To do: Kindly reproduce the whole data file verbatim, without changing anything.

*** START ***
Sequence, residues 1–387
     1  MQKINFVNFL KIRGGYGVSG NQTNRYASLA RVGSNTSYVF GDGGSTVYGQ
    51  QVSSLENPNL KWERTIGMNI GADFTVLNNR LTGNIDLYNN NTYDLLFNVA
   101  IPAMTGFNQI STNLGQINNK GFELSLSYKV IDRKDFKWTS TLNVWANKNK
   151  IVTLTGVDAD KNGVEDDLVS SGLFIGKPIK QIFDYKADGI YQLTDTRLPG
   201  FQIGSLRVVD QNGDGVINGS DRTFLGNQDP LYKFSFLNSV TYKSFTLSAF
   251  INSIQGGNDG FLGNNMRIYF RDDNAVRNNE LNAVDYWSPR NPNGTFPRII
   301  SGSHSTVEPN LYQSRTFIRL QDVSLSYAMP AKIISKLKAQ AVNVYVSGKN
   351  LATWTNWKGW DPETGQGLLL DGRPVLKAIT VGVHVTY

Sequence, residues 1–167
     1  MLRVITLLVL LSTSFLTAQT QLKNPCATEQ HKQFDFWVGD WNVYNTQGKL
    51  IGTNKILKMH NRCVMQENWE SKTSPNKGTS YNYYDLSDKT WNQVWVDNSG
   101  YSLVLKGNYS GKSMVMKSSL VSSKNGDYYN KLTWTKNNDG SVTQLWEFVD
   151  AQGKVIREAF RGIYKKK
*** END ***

Sequence, residues 1–387
     1  MQKINFVNFL KIRGGYGVSG NQTNRYASLA RVGSNTSYVF GDGGSTVYGQ
    51  QVSSLENPNL KWERTIGMNI GADFTVLNNR LTGNIDLYNN NTYDLLFNVA
   101  IPAMTGFNQI STNLGQINNK GFELSLSYKV IDRKDFKWTS TLNVWANKNK
   151  IVTLTGVDAD KNGVEDDLVS SGLFIGKPIK QIFDYKADGI YQLTDTRLPG
   201  FQIGSLRVVD QNGDGVINGS DRTFLGNQDP LYKFSFLNSV TYKSFTLSAF
   251  INSIQGGNDG FLGNNMRIYF RDDNAVRNNE LNAVDYWSPR NPNGTFPRII
   301  SGSHSTVEPN LYQSRTFIRL QDVSLSYAMP AKIISKLKAQ AVNVYVSGKN
   351  LATWTNWKGW DPETGQGLLL DGRPVLKAIT VGVHVTY

Sequence, residues 1–167
     1  MLRVITLLVL LSTSFLTAQT QLKNPCATEQ HKQFDFWVGD WNVYNTQGKL
    51  IGTNKILKMH NRCVMQENWE SKTSPNKGTS YNYYDLSDKT WNQVWVDNSG
   101  YSLVLKGNYS GKSMVMKSSL VSSKNGDYYN KLTWTKNNDG SVTQLWEFVD
   151  AQGKVIREAF RGIYKKK